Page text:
Just starting out as a tax preparer? Here’s how to get going

A TaxSlayer Pro user contacts a client conducts business at a computer

Once you have completed the steps to becoming a tax preparer, it’s time to turn your new job title into a career that earns you money. Here are some of the basic steps to get you going in the short and long-term.

Gain experience

A lot of seasoned preparers will tell you it takes at least a couple of tax seasons to learn the terms, laws, forms, software, customer support needs, and other nuances of the industry. If this is your first year working as a tax preparer, it might make sense to work part-time or full-time in a firm. The experience you’ll gain in an established tax preparation office will help you become more self-sufficient, so you’re ready to strike out on your own in the next couple of years.

Set up your office

As a sole practitioner, not only will you be preparing tax returns, you’ll also be processing payments, organizing documents, communicating with clients, and more.

Your essential items will include an up-to-date computer system, fast internet, and a reliable tax prep software. You’ll also want a printer, scanner, barcode scanner, a signature pad, and some additional software for reading and creating PDFs. Here is a complete checklist to get you started.

See also Opening a Tax Prep Office: 4 Steps to Success

Understand what makes your business different

In the time it takes you to understand the ins and outs of the tax prep business, you are gaining skills and specific expertise that will help you stand out from the competition. When a potential new customer asks why they should use your services versus your competitor, know the answer, and be prepared to pitch.

Do you cater to businesses with a focus on business tax filing? Are you the expert at 1040 individual returns? Do you offer bank products or additional services like bookkeeping? Once you’ve identified the unique value you provide, you can narrow in on the clients who are most likely to use your services and market directly to them.

Build a client list

Word of mouth is one of the most effective forms of advertising there is. As you’re just starting out, it makes sense to turn to the people closest to you, like friends and family, to build your reputation as a tax preparer. Once you have demonstrated the quality of your work and established a relationship of trust, you can confidently ask them for referrals. You can also use low-cost online resources like social media and web search to help you gain and nurture leads.

Remember that returning clients are just as important as new ones. Maintain contact with them during the off-season through reminders and updates. Offer incentives for referrals if you can. Using a combination of traditional and online resources, you can effectively maintain and expand your base.

Continue your education

One way to set your business apart and create year-round income for yourself is to become an enrolled agent (EA). EA status is the highest credential awarded by the IRS, so it takes time and commitment and 72 hours of approved continuing education every three years.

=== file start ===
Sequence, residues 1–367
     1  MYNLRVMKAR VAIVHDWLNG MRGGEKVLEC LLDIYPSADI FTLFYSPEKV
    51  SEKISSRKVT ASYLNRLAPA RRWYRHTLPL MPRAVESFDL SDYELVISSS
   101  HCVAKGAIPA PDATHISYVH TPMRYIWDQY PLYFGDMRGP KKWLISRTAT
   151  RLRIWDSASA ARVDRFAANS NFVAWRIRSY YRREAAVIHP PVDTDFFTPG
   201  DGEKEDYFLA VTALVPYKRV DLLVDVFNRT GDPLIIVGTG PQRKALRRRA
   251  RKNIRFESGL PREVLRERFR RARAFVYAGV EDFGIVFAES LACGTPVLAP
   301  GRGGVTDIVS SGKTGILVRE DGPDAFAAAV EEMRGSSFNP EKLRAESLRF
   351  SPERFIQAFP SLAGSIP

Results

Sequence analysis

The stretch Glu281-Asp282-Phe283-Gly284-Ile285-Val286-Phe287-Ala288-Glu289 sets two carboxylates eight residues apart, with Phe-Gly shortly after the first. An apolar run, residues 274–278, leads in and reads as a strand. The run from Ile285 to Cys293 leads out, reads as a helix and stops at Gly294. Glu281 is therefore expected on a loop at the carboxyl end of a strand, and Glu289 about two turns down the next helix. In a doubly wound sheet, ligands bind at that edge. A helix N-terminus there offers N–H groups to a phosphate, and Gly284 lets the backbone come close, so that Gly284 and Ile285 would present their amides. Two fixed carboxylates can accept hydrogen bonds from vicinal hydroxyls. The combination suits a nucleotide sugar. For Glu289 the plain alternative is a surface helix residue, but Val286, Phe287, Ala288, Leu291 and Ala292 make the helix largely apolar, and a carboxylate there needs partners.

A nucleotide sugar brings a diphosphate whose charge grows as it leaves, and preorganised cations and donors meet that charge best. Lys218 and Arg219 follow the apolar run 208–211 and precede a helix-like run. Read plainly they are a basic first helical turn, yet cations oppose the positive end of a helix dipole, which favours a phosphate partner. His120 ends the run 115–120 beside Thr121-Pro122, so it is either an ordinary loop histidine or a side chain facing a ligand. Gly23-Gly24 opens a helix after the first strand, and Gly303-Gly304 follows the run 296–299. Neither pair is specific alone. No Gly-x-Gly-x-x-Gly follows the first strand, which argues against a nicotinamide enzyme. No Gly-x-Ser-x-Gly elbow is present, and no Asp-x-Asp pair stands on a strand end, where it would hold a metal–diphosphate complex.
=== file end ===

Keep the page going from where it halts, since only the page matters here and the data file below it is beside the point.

But even if becoming an enrolled agent isn’t in your master plan, the more you learn about tax preparation and the laws governing the tax system, the better you can serve your clients. With increased confidence, you may decide to diversify the types of tax returns you prepare and expand your business even further. Every year the IRS holds seminars across the country with you in mind. At each one, a variety of courses are available on a range of topics designed to help you serve both individual taxpayers and business entities.

TaxSlayer Pro hosts regular webinars to help you learn the ins-and-outs of the industry as well as the software, and we invite all our users to attend the annual seminar each fall in Augusta, Georgia. Click here to learn more about the annual TaxSlayer Pro seminar.

Market your business

If marketing is not your area of expertise, then it may seem overwhelming (and expensive) at first glance. Where do you even begin?

Social media is a low-cost tool that you can use to your advantage, both to maintain contact with your existing clients and to generate new leads. Engaging with people on social platforms will help keep you top-of-mind when tax season comes around. Read also: Social Media 101 for Tax Preparers

Email marketing is another highly effective method that doesn’t have to cost an arm and a leg. There are lots of affordable subscription services that offer easy-to-use templates and allow you to send several emails at once. Don’t underestimate the value of a traditional flyer or postcard delivered in the mail, either.

Ultimately, creating a website where people can discover your business online could give you an edge over your competitors. It’s also an important part of customer acquisition. Describe your experience, expertise, and the unique value you provide as a tax preparer. Provide contact info and list your physical address, too, so you show up when people search for a local provider.

TaxSlayer Pro is here to help you grow your business. Reach out to our team at 1-888-420-1040 to find out more about our software and our support.

Related Posts